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Keywords:

  • denitrification, emission factor, nitrate, nitrification

Abstract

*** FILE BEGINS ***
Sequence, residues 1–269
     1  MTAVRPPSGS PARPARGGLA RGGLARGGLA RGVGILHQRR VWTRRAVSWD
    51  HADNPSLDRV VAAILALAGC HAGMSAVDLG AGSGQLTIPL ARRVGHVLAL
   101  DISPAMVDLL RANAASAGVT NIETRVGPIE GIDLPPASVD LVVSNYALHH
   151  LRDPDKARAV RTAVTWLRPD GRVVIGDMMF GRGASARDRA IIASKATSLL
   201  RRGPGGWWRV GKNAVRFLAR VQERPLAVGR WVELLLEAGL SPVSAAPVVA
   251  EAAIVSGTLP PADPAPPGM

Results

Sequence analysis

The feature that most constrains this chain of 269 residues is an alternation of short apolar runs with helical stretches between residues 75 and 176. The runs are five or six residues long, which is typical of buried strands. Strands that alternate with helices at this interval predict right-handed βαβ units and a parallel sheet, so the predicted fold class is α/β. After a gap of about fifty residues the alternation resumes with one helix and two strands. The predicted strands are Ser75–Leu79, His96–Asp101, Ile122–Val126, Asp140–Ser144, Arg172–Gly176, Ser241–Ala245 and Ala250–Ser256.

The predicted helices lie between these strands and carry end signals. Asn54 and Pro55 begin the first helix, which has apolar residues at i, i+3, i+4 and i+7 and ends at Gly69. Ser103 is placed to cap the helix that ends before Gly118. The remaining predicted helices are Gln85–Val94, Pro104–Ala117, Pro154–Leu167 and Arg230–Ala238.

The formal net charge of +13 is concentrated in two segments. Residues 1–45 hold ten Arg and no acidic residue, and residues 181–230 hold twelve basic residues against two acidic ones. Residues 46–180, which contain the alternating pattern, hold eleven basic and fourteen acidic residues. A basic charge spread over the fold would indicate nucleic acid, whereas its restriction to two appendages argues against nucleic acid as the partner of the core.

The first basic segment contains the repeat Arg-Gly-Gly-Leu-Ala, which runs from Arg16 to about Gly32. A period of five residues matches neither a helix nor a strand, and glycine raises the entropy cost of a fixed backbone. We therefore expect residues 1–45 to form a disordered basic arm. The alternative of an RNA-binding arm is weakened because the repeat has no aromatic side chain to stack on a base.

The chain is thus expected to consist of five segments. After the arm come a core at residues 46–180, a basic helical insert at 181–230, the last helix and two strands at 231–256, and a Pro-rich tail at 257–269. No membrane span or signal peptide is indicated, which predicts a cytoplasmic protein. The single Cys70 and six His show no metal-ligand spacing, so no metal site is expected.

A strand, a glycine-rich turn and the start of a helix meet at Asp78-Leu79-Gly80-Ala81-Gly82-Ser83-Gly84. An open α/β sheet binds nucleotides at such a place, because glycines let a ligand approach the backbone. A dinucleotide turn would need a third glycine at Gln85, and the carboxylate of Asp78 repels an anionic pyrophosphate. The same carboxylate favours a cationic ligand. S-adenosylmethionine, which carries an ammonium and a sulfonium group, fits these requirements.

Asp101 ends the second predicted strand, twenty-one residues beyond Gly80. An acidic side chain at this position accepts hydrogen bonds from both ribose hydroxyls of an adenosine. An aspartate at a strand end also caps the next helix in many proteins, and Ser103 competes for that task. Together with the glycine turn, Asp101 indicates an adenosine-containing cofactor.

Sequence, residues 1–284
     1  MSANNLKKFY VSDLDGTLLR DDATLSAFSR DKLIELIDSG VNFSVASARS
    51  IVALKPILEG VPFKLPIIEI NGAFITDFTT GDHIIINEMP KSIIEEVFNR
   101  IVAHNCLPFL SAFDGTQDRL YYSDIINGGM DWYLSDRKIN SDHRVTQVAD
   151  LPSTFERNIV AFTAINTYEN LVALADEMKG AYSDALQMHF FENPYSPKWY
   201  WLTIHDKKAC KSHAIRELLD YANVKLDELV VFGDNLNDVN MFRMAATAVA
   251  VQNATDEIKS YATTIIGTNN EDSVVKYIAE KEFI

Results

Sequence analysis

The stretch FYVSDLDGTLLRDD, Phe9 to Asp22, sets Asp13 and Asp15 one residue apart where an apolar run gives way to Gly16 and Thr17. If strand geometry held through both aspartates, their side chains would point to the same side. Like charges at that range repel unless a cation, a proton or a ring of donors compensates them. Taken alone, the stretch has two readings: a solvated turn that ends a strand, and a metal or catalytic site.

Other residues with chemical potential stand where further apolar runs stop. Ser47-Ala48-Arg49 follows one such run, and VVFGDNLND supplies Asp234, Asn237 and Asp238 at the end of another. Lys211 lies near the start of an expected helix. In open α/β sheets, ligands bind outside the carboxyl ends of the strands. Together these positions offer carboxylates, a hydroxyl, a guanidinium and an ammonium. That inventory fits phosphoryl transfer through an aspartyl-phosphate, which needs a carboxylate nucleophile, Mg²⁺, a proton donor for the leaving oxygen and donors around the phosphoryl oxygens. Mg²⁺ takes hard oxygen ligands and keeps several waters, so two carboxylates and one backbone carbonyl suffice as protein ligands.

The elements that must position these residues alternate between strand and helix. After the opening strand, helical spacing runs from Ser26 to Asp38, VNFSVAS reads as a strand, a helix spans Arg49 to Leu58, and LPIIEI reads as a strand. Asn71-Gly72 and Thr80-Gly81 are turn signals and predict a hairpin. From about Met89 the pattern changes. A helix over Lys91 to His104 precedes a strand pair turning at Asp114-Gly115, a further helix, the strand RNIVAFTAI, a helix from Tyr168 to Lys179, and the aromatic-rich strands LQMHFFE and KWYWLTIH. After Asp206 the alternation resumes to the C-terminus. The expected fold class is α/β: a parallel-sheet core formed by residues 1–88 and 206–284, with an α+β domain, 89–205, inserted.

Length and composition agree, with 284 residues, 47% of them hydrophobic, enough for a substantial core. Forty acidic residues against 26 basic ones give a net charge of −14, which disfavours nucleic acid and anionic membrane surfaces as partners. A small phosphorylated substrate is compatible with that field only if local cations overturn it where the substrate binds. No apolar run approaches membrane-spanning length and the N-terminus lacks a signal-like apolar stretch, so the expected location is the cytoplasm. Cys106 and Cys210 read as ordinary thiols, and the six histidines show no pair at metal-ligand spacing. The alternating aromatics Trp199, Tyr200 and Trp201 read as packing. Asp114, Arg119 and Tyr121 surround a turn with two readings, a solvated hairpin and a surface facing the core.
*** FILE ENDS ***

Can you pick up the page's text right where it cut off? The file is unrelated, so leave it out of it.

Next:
Uncertainty about the amounts of the greenhouse gas nitrous oxide (N2O), which arise from N leaching from agricultural soils, predominantly as nitrate (NO3), is large. To date, the bulk of studies of N2O in aquatic systems have relied upon measurement of dissolved N2O concentrations at wide spatial intervals (of the order of km) down a stream, river or estuary. When we combined a fine-scale (m) assessment of N2O concentrations in agricultural drainage water with novel measurement of net N2O emission from the same drainage system, we found that dissolved N2O in agricultural drainage water was very rapidly lost to the atmosphere, while dissolved NO3 in the same water was conserved. Consequently, the N2O emission factor (as a proportion of the nitrate-N present, the IPCC's ‘EF5’) fell by a factor of more than 5 within only 100 m. Direct measurement of N2O emission from the drainage water confirmed the disappearance of N2O as being due to emission from water to the atmosphere, rather than in situ consumption by denitrification. Our findings indicate that making widely spaced measurements of dissolved N2O concentration and/or emissions from the water surface will not take account of this much more dynamic behaviour over short distances. Realistic assessment of the ‘indirect’ agricultural emissions of N2O from leached N will necessitate much more intensive sampling of the whole drainage system, from ditch to stream to river to estuary, accompanied by measurements of in-stream production. The quantities of N2O actually released in the ditches gave values for EF5-g (the IPCC's emission factor for N2O from surface drainage and groundwaters) of between 0.02 and 0.03%, compared with the IPCC value of 1.5%. For the latter to be realistic, the quantity of N2O required to be formed after the initial entry of water into the drainage system would need to exceed the initial load by the order of 50-fold.